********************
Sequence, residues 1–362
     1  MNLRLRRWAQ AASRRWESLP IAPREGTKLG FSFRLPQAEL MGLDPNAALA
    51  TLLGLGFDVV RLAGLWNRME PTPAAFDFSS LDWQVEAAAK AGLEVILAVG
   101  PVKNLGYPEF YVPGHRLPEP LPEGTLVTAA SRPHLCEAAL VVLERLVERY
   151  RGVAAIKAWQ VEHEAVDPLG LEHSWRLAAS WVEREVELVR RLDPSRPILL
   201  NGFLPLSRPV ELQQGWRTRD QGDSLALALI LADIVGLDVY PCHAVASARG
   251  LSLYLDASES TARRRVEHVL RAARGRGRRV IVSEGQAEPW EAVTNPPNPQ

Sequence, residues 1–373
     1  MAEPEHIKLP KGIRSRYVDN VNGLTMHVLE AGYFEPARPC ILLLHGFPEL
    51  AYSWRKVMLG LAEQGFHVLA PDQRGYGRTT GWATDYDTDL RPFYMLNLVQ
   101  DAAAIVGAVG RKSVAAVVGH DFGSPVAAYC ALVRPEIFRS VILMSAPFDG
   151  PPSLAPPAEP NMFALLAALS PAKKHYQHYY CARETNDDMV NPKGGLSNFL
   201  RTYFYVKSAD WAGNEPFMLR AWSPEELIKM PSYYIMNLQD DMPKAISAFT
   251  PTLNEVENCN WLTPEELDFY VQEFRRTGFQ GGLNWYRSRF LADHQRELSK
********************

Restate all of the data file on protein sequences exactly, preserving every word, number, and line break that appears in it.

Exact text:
Sequence, residues 1–362
     1  MNLRLRRWAQ AASRRWESLP IAPREGTKLG FSFRLPQAEL MGLDPNAALA
    51  TLLGLGFDVV RLAGLWNRME PTPAAFDFSS LDWQVEAAAK AGLEVILAVG
   101  PVKNLGYPEF YVPGHRLPEP LPEGTLVTAA SRPHLCEAAL VVLERLVERY
   151  RGVAAIKAWQ VEHEAVDPLG LEHSWRLAAS WVEREVELVR RLDPSRPILL
   201  NGFLPLSRPV ELQQGWRTRD QGDSLALALI LADIVGLDVY PCHAVASARG
   251  LSLYLDASES TARRRVEHVL RAARGRGRRV IVSEGQAEPW EAVTNPPNPQ

Sequence, residues 1–373
     1  MAEPEHIKLP KGIRSRYVDN VNGLTMHVLE AGYFEPARPC ILLLHGFPEL
    51  AYSWRKVMLG LAEQGFHVLA PDQRGYGRTT GWATDYDTDL RPFYMLNLVQ
   101  DAAAIVGAVG RKSVAAVVGH DFGSPVAAYC ALVRPEIFRS VILMSAPFDG
   151  PPSLAPPAEP NMFALLAALS PAKKHYQHYY CARETNDDMV NPKGGLSNFL
   201  RTYFYVKSAD WAGNEPFMLR AWSPEELIKM PSYYIMNLQD DMPKAISAFT
   251  PTLNEVENCN WLTPEELDFY VQEFRRTGFQ GGLNWYRSRF LADHQRELSK